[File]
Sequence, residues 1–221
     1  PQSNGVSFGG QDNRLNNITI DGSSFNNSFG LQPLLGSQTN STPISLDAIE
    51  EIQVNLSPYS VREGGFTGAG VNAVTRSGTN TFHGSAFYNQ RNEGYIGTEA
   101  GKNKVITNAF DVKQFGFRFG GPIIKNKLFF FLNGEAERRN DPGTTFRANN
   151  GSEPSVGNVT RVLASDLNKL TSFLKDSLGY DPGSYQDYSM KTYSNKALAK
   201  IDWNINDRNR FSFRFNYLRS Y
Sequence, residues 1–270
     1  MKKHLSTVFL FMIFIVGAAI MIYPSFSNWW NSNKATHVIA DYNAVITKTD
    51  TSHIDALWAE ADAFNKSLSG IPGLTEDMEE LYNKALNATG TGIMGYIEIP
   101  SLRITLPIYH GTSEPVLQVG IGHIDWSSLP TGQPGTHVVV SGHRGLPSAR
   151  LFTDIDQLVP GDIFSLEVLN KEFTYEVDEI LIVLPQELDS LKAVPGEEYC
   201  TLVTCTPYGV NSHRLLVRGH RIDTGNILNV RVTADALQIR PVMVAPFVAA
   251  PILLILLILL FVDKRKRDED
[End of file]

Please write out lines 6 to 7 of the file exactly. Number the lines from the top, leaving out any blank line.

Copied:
   201  IDWNINDRNR FSFRFNYLRS Y
Sequence, residues 1–270